clock menu more-arrow no yes mobile

Filed under:

Kansas State Top 5: Running Backs. Also, Centennial and American Southwest previews

You know who #1 is, but what about the rest?

No surprises here.
No surprises here.
Kyle Terada-USA TODAY Sports

The Lead

The top five running backs in our staff poll were pretty much set, with only one back receiving a vote who didn't end up in our top five. That was goal-line touchdown machine Ayo Saba. Mentioned, but not receiving any votes, was Daniel Thomas, which will probably surprise you -- but not as much as the fact that neither fullback Rock Cartwright (10-year NFL vet) nor Eric Gallon (now the running backs coach at Youngstown State) were even mentioned.

And also not mentioned, and I'm just shaking my head here, was Larry Brown, who never did much in his life other than being named NFL MVP in 1972 and making four Pro Bowls. But that's okay; in fairness to the staff, they got pummeled with these polls on quick turnaround. (Also, Brown wasn't really a great back at K-State, so there's that.)

5. John Hubert

Hubert first really came to our attention with his 166 yard outburst in Miami, after which some folks still criticized him for being too slow after being dragged down short 7of the end zone by the Hurricane secondary after a long run. But Hubert ended up being perhaps the most consistently excellent back in K-State history. He ran for 970 yards as a sophomore, 947 as a junior, and broke 1,000 in K-State's bowl win over Michigan as a senior, coming up just short of 3,000 for his career.

3t. Eric Hickson and Mike Lawrence

Yes, we had a tie, and how fitting is it that it was between these two? Lawrence and Hickson teamed up to man the Wildcat backfield from 1994-98. The two were classmates, but Hickson's career lasted a year longer due to an injury which kept him sidelined in 1996. The two combined for 4,800 yards and 45 touchdowns during their tenure. Neither individually posted a 1,000 yard season, but that's partially because they were splitting time; they combined for 1,315 in 1995 and over 1,400 in 1997. Both rushed for over 900 yards in their lone seasons without the other. Hickson is now an assistant under Terry Bowden at Akron after a year as running backs coach and interim head coach at Garden City. Lawrence is not far away at all; he's in Lindsborg, serving as special teams coordinator and receivers coach at Bethel College.

2. Veryl Switzer

Switzer didn't break the Big 12 color line, but he helped shatter it. Switzer, from Nicodemus, was an All-Big 7 selection each of his three years of eligibility. He was the fourth pick in the entire NFL Draft in 1954, selected by the Green Bay Packers, where he played for two sesons before spending two years in the Air Force as an officer. After that term, Switzer played for three years in the CFL before retiring. He later returned to Manhattan, where he worked for the athletic department. Switzer is a member of the KSHSAA Hall of Fame, the Kansas Sports Hall of Fame, the K-State Sports Hall of Fame, and the K-State Ring of Honor. And he very nearly beat the next guy for the top spot on our list.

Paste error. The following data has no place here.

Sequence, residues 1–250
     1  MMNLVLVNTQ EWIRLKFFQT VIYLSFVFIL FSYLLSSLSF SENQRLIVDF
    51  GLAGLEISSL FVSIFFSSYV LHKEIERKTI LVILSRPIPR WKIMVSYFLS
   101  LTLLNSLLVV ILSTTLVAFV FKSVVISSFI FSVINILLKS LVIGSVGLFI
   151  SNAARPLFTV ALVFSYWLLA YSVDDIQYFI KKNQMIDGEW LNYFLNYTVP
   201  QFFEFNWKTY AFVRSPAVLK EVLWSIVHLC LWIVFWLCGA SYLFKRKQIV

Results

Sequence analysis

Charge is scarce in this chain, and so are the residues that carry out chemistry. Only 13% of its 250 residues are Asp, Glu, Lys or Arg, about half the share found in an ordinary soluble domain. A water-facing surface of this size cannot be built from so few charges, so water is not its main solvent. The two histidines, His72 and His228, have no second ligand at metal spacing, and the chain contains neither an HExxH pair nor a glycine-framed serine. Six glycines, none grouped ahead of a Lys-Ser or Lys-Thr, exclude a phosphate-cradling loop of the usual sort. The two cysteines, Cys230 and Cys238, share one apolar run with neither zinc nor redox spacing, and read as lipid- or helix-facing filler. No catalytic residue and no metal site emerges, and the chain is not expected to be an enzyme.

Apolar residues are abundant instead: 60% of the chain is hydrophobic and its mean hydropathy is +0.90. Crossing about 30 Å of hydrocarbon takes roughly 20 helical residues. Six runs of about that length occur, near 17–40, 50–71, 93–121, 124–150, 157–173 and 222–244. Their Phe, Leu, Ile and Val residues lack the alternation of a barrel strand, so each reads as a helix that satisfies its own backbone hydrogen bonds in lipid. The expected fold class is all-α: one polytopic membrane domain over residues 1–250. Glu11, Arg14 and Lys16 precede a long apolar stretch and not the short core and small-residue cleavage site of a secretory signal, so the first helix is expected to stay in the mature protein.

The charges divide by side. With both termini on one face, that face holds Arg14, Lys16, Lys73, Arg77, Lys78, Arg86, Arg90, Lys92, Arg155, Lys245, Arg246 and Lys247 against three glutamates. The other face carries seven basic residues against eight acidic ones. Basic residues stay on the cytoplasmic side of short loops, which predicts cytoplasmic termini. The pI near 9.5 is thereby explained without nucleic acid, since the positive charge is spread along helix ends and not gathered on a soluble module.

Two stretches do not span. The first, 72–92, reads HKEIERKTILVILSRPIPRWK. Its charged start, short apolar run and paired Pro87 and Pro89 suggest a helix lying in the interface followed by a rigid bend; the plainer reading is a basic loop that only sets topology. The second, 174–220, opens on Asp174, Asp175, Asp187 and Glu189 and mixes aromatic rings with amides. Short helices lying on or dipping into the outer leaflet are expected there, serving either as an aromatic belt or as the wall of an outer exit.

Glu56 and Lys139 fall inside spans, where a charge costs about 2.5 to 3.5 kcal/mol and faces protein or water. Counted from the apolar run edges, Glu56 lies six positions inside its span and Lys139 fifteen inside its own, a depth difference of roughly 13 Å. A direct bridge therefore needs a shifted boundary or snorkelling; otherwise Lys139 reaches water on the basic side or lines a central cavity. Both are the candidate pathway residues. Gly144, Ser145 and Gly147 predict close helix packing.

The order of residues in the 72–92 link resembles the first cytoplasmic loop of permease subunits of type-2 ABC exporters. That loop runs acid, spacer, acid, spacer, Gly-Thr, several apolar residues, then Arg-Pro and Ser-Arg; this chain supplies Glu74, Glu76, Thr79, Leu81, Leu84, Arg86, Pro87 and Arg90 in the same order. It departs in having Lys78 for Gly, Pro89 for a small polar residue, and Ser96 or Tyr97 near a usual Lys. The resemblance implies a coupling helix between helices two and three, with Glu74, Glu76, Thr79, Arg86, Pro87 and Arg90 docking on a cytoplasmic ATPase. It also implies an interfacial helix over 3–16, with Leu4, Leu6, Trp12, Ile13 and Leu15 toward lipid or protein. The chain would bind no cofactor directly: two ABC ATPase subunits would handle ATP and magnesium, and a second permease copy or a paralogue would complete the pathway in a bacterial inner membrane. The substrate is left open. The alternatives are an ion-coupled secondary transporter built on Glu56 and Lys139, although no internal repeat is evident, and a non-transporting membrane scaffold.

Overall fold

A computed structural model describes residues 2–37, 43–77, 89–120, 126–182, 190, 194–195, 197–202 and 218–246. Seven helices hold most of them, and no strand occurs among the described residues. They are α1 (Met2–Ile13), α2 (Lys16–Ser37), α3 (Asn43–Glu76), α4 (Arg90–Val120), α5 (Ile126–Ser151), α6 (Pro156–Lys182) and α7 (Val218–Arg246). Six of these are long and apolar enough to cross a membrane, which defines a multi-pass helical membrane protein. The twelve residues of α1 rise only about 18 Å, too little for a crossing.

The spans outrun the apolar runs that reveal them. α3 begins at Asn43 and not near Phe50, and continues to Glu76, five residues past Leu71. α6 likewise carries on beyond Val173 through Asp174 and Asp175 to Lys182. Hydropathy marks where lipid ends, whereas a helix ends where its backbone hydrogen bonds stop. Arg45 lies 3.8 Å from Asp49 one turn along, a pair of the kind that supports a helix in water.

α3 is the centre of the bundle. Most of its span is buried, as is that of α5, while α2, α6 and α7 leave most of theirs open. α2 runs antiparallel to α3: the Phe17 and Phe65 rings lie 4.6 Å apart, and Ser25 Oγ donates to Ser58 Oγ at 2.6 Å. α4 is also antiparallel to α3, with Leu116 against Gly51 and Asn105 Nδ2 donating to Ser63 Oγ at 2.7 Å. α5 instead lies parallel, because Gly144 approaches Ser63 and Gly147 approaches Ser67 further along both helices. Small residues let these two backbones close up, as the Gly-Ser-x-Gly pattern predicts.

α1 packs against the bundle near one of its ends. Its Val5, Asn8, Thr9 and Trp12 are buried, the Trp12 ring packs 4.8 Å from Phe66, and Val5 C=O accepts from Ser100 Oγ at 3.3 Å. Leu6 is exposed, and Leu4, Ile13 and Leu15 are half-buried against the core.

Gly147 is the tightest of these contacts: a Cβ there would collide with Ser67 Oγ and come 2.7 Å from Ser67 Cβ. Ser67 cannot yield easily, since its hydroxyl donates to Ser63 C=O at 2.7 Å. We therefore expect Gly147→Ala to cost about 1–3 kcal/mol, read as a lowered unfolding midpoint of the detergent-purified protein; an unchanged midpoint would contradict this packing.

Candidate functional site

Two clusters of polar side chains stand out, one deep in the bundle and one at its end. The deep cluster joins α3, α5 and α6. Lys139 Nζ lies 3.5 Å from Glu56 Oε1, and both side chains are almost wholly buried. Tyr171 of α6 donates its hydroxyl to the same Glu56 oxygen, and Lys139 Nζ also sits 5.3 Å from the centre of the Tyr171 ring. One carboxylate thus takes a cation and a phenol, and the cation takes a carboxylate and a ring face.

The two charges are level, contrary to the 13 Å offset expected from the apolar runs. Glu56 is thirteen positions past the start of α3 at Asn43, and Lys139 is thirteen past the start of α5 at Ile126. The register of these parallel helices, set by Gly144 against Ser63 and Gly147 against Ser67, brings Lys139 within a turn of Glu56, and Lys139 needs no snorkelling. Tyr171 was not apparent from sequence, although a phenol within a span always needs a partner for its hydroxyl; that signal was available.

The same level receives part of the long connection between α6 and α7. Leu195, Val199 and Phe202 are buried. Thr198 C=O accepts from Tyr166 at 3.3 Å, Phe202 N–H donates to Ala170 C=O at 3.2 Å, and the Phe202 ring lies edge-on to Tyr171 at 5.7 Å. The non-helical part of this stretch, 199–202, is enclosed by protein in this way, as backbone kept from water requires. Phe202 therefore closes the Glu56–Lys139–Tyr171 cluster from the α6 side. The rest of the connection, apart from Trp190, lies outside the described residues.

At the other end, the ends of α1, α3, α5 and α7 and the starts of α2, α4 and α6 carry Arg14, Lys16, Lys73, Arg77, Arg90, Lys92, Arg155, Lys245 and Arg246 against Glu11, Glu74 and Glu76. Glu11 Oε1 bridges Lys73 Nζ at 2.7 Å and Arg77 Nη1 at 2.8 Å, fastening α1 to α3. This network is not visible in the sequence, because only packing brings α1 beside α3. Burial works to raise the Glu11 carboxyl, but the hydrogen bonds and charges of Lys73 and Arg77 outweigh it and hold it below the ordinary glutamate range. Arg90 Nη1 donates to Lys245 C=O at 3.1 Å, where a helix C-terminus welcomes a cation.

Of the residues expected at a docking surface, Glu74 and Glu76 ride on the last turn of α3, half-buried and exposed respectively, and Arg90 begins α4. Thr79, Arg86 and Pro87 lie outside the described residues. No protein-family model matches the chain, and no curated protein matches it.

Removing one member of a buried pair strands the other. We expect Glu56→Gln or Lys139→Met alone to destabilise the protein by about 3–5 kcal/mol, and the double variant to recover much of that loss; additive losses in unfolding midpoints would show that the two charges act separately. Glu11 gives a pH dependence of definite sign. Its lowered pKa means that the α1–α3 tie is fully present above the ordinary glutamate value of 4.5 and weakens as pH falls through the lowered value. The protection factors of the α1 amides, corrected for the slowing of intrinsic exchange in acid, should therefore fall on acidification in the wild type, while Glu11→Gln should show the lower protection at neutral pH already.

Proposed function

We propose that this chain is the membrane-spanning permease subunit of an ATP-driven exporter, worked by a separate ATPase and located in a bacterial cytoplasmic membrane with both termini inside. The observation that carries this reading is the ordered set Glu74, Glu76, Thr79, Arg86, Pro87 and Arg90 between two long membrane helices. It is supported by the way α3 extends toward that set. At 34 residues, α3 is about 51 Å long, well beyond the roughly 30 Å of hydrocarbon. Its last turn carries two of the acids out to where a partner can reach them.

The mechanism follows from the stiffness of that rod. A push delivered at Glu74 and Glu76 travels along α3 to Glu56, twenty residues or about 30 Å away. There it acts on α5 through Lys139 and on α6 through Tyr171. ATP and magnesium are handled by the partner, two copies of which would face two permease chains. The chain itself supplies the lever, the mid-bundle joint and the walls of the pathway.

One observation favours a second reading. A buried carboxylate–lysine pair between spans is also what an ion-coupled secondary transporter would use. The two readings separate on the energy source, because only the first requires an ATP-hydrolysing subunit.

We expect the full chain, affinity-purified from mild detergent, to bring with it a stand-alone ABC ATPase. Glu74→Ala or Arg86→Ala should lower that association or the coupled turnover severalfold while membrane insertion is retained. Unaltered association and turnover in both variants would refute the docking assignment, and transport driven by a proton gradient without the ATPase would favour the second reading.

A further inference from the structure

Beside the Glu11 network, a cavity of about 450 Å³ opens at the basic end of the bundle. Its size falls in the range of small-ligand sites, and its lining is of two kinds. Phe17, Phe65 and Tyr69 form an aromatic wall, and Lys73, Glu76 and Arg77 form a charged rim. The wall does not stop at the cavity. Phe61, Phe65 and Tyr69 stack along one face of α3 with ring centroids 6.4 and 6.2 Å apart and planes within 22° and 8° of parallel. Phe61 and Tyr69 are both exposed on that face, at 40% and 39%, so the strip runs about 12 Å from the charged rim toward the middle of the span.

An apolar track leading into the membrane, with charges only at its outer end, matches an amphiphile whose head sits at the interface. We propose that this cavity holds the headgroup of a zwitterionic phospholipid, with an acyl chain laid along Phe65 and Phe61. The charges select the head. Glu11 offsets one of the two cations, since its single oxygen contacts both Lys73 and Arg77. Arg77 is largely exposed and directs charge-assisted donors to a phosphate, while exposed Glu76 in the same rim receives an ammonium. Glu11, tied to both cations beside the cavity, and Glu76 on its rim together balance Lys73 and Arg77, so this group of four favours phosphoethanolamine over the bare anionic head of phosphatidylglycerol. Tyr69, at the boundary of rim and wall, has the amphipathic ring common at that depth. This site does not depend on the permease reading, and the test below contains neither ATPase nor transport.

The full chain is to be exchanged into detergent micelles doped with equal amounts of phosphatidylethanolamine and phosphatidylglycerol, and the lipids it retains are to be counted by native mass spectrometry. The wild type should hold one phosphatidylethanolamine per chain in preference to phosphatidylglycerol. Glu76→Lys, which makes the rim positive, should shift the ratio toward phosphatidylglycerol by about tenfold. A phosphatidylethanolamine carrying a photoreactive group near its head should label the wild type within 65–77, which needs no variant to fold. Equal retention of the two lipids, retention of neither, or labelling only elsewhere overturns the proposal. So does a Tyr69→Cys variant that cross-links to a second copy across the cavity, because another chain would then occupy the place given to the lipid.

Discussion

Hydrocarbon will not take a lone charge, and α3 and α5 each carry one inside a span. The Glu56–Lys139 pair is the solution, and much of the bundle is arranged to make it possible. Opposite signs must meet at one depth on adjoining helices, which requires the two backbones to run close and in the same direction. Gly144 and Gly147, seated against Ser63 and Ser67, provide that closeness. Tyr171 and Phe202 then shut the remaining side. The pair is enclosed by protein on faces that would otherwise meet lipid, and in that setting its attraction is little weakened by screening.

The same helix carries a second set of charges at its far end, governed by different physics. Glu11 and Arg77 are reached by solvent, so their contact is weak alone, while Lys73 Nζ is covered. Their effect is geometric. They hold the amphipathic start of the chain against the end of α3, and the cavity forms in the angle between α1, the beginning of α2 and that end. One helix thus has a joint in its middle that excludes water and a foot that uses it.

1. Darren Sproles

That Switzer almost caught Sproles is a sign of the respect afforded Switzer. That Sproles managed to stay ahead of him is a sign of what Sproles did his entire career in Manhattan. The Wildcats' all-time leader in rushing yards (4,979), Sproles was the leading rusher in FBS in 2003 with 1,986 yards, and of course led the Wildcats on their audacious rout of the Sooners. He was a first-team All-American selection by the AP and Sports Illustrated in 2003, and a Heisman and Doak Walker finalist. After graduation, he went on to a stellar career in the NFL which still isn't over. A fourth-round pick of the Chargers, Sproles has racked up over 16,000 yards of total offense in his ten-year career and was finally selected as an All-Pro just last season.

Centennial Conference Preview

2014 Standings and Info
13 Johns Hopkins University Blue Jays Baltimore MD 9-0 11-1
25 Muhlenberg College Mules Allentown PA 8-1 9-2
Ursinus College Bears Collegeville PA 6-3 7-3
Gettysburg College Bullets Gettysburg PA 5-4 5-5
Franklin and Marshall College Diplomats Lancaster PA 4-5 5-5
Juniata College Eagles Huntingdon PA 4-5 5-5
Moravian College Greyhounds Bethlehem PA 4-5 5-5
Dickinson College Red Devils Carlisle PA 3-6 3-7
Susquehanna University Crusaders Selinsgrove PA 2-7 2-8
McDaniel University Green Terror Westminster MD 0-9 1-9

The Centennial was its usual self last season for the most part. The conference earned two playoff bids, which is not at all unusual. But only one other team actually finished over .500, because the conference itself was extremely competitive outside the top two teams. The pre-season coaches/SID poll has Johns Hopkins as the prohibitive favorite to repeat as champions, taking 17 of the 20 first-place votes. Muhlenberg was second, taking three votes (two of which obviously came from the Hopkins camp). The battle will be for fourth place, as Moravian, Gettysburg, and Franklin & Marshall were only separated by a mere four points in the poll.

Johns Hopkins has only failed to win ten games once since 2009, and that was in 2010. Lasting playoff success still eludes the Blue Jays, however, and they lost at Hobart in the second round last year by a field goal. The Centennial's Defensive Player of the Year, DL Michael Longo, is gone along with his linemate Michael Rocca, QB Braden Anderson, OL Kyle Flynn, and DB Ryan Rice. But there's plenty of talent returning in Baltimore, including first-team All-American OL Colin Egan and his linemate Rowan Cade, RB Stuart Walters, WR Bradley Munday, LBs Brady Watts and Keith Corliss, and DB Jack Toner. That's a recipe for success.